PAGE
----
LCFF Priority 8

Student Outcomes







Priority Description

This LCFF priority addresses other indicators of student performance in required areas of study.


Issues of Equity

As shown in previous charts, school systems are not providing the learning conditions for success of historically marginalized communities.


ADDRESSING OTHER INDICATORS OF STUDENT PERFORMANCE

School leaders and LEA administrators understand that addressing other indicators of student performance necessitates that we:

  • Understand the complexity of historically marginalized student groups (Latinx, African American, American Indian), including their histories, cultures, and linguistic features
  • Understand socio-cultural intersectionality student groups (Latinx, African American, American Indian), including gender diversity and the need to tailor support accordingly
  • Understand and implement community-informed best practices
  • Support and implement multilingual/heritage language academic programs and ethnic studies
  • Partner with community leaders and organizations to create and curate curriculum
  • Provide all communication in the languages of the community
  • Diversify the languages used to assess academic mastery and credits (e.g., analyze native country transcripts to demonstrate mastery)
  • Provide quality language programs (multilingual/heritage/dual language)
  • Ensure access to quality designated and integrated English language development
  • Provide outreach to parents, particularly those new to navigating U.S. public school systems
  • Provide cross-age tutoring for students who speak the same language
  • Establish multilingual career technical education courses and pathways (e.g., a translator/interpreter certification pathway through community college partnerships so students can graduate with certificate that will guarantee employment)
  • Incorporate international student visitor/school exchange programs, especially with/from areas where the languages of multilingual students are represented.
  • Invest in professional learning for all educators (e.g., identity, mindset, and skills)

EquityBLueprint-DeeperDive


These recommendations were provided by community representatives involved in SDCOE’s advisory committees.

African American

American Indian

Latinx

  • Create an African American/African student achievement task force
  • Understand the complexity of the typologies (African, African American, Black, Caribbean, English learner) among African American students, including their histories, cultures, and languages
  • Monitor California Interscholastic Federation (CIF) policies and support African American student athletes by ensuring academic achievement
  • Align district equity plan and professional learning to the California African American Roadmap (currently in development)
  • Support and celebrate Black student excellence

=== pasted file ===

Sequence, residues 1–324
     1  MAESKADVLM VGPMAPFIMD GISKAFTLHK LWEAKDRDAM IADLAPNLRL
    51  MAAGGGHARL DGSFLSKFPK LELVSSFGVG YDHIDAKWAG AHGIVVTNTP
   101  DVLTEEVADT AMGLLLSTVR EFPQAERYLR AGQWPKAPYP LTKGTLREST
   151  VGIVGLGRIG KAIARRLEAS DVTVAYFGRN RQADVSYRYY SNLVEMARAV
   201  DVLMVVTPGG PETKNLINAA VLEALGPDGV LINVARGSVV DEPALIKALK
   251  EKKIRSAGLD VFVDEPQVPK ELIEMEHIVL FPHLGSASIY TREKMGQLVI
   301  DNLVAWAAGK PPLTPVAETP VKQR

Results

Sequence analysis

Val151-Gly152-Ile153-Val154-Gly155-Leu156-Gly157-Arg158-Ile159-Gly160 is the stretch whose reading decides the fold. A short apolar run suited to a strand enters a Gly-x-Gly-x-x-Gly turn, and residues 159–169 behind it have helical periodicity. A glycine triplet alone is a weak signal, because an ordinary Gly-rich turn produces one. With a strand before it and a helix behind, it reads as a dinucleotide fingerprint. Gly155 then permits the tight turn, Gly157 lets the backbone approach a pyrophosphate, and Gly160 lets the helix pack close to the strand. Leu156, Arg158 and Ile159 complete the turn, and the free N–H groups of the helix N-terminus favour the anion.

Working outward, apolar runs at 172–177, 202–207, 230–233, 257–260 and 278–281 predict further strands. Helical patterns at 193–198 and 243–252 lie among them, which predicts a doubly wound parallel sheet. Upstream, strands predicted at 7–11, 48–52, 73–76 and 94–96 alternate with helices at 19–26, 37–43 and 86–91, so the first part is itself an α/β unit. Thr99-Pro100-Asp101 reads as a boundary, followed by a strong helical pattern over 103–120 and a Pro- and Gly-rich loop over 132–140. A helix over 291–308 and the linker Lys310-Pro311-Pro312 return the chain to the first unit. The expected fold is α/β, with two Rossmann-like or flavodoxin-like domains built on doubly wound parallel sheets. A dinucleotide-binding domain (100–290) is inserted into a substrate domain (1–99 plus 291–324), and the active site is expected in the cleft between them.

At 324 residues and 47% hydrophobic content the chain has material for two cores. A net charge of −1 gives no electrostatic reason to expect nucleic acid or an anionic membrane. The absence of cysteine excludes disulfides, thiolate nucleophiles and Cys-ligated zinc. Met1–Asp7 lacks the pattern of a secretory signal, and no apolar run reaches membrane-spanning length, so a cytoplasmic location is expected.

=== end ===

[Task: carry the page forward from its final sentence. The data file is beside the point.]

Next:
• Partner with educational organizations that focus on African American students (e.g., Association of African American Educators, historically Black colleges and universities)
  • Integrate the AAAE Blueprint
  • Invest in understanding the adultification of Black girls and the criminalization of Black boys and actively interrupt these practices; partner with Black scholars and experts
  • Create an American Indian student achievement task force
  • Understand the complexity of the typologies (assimilated, reservation, urban) among American Indian students, including their histories, cultures, and languages
  • Align district equity plan and professional learning to the California Indian Education for All’s Seven Essential Understandings:
    1. Great diversity among tribes
    2. Diversity among identity
    3. Native traditional beliefs persist into modern life
    4. Policies that affected and continue to affect tribes
    5. Reservations
    6. History from a California Indian perspective
    7. Tribes have sovereign powers
  • Practice land acknowledgements
  • Choose culturally appropriate books and materials
  • Support and celebrate American Indian excellence in a community-responsive way
  • Partner with tribal educational entities
  • Integrate the professional learning supports and curriculum resources from California Indian Education for All
  • Invite local tribal education centers to lead professional learning/guidance and lead student lessons
  • Integrate The 6Ps: California Indian Education Curriculum Practices
  • Create a Latinx student achievement task force
  • Understand the complexity of the typologies (English learner, English only, hyphen American, recent immigrant, migrant, transnational) among Latinx students, including their histories, cultures, and languages
  • Align district equity plan and professional learning to California English Learner Roadmap
  • Support and celebrate Latinx excellence and multilingualism through avenues such as the State Seal of Biliteracy/Pathway Awards
  • Provide translated versions of all communication from the school in the community's languages
  • Partner with organizations that provide legal services for students who are undocumented or recipients of the Deferred Action for Childhood Arrivals program
  • Actively partner with educational organizations from Latinx countries (e.g. trans-border students with Mexican Consulate, Baja California)
  • Integrate findings from 2020 San Diego County Latinx Education Summit



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